Published on October 6th, 2016 | by Ginny Wiehardt0
“Without Tremendous Agitation”: Ginny Wiehardt on Maintaining a Literary Nightlife Post-Baby
It’s 5:45pm. I get off the subway and rush the three blocks to my son’s preschool. I’m in a hurry to get him home, bathed, and fed, so that he can get to sleep on time—and so I can get out the door when my husband walks in. A writer friend is reading tonight at a bookstore, and my husband is leaving work early so I can go.
I’ve only been to two readings since my two-and-a-half-year-old was born. I feel guilty about this, about not supporting readings and the people I know who do them. I also feel guilty about leaving my son again so soon after we get home. I usually “do bedtime.” But it’s not only that I want to be there for my friend—I know the fear of reading to an empty room—I also want to check out the reading series for myself. I have recently won an award and my poetry chapbook, Migration, is publishing this month. In the poetry game, you have to go to readings, to get into readings.
My son and I get to our apartment building, take-out dinner in hand, at 6:15. If my husband gets home in the next fifteen minutes, as he’s promised to, I’ll just make it. We live in a walk-up. I try to talk my son into climbing the stairs, but he’s not having it. To save time, I awkwardly carry everything—him, the bag of food, his backpack and mine—up both flights.
“This is fun, Mama,” he says, as I carry him like a package under my arm. I deposit him and all the stuff on the floor inside our apartment. “C’mon,” I say, “Let’s take a bath.” But he’s understandably slow to head to the bathroom. Like most toddlers, he needs transition time for just about everything. And he feels about baths the way I feel about readings: I never want to do them, though I generally enjoy them when I take the plunge.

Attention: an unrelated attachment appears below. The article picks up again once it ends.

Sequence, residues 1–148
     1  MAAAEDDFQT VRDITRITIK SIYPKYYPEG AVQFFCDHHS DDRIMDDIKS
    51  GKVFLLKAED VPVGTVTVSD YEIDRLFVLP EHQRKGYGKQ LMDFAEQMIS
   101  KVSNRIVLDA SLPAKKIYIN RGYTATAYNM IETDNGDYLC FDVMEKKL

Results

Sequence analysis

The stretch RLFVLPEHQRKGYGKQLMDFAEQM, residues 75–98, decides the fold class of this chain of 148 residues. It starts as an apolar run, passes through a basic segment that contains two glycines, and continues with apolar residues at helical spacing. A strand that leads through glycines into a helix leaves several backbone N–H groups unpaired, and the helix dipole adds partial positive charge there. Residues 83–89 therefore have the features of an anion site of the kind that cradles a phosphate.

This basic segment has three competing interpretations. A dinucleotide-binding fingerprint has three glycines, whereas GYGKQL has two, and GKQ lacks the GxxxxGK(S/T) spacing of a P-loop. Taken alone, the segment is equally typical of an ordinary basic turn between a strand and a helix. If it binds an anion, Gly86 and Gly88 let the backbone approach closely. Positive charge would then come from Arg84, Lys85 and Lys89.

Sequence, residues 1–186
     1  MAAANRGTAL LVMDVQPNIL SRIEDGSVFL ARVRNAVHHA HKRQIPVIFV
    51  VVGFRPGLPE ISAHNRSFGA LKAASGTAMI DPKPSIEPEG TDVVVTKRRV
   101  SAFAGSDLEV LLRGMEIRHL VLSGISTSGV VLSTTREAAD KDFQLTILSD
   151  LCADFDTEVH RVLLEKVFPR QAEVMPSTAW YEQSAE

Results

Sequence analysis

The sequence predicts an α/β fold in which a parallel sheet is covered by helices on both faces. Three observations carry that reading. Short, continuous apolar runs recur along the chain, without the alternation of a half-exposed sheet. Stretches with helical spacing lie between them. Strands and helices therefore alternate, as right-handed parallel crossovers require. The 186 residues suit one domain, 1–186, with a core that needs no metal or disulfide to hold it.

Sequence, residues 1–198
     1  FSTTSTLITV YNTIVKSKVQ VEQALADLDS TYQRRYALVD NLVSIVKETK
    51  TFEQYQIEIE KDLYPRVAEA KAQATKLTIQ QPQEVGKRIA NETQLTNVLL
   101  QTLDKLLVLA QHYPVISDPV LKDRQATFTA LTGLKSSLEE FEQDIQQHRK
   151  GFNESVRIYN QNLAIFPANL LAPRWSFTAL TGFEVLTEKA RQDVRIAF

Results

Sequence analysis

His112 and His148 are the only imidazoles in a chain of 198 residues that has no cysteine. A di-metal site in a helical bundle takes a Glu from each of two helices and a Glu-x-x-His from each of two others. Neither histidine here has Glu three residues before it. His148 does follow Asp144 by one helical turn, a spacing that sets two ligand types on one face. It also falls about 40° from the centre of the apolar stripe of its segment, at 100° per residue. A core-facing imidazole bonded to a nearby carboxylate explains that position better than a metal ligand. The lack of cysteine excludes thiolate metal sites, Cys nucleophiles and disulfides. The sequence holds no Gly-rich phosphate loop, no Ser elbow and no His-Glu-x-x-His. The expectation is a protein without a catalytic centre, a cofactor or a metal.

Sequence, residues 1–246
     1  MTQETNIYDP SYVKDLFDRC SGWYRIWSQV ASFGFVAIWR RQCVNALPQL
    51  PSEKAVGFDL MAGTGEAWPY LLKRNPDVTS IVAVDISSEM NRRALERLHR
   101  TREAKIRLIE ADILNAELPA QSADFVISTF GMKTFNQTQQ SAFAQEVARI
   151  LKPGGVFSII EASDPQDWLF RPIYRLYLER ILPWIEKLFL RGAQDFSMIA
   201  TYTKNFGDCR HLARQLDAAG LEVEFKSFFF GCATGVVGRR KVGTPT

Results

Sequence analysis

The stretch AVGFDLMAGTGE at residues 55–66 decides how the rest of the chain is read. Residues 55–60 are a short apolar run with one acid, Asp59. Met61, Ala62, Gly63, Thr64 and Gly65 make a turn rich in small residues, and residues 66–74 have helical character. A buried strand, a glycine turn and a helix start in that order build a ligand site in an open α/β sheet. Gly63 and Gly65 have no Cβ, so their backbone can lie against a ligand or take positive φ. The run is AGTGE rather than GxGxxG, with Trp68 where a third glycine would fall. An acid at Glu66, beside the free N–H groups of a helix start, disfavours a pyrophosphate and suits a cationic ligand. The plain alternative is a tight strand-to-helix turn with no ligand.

However, this reluctance explains why public readings were the first thing I dropped from my literary life after my son was born. I make time to write, and I find time to peruse poetry journals and submit work to them. I occasionally get brunch with writer friends, and I hop on the phone with other mother-writers after bedtime. And of course my son and I read poetry together and go to children’s events at places like Poets House. But at literary events for adults, I feel as though I’m impersonating someone I was three years ago. I’m sluggish and sleep deprived. Words don’t come easily. What do I write about? Whose work do I admire? Oh, God, is that yogurt on my pants?
“Fiction writers can get away with just writing and publishing,” a friend says, “but not poets.” It’s a pretty tight world. Poetry isn’t a popular form anymore, and there certainly isn’t any money in it. The people editing journals and publishing books of poetry are poets themselves. They go to readings, and often the people they think to support are ones they’ve met personally. If I went to more readings, I’d publish more poems. It might also help me get my full-length collection published.
While my son plays in the bath, I change clothes and start to brush my hair. But without my attention on him, he climbs out of the bathtub, dripping wet. I lift him back into the tub—getting my fresh clothes damp—wash him, decide his hair is clean enough to go another day, and then let him climb out again. Ten minutes later, he’s in his PJs and we’re both at the dinner table, eating. I remind him that Daddy will be putting him to bed that night. “Where you going, Mama?” my son asks, looking worried.
“To a reading,” I say. I explain what a reading is. He’s met the poet I’m seeing tonight, on the playground with her toddler. I remind him of this.
His eyes get big. He’s making some connection. “Are you a writer?” he asks. He makes being a writer sound about as great as being an Octonaut. A week from now, he will have forgotten this whole conversation, but I enjoy the moment nonetheless. And here lies a conundrum of motherhood: I want my son to be proud of what I do as he grows up, but I also want him to know that I’m there for him regardless. How do I pull that off?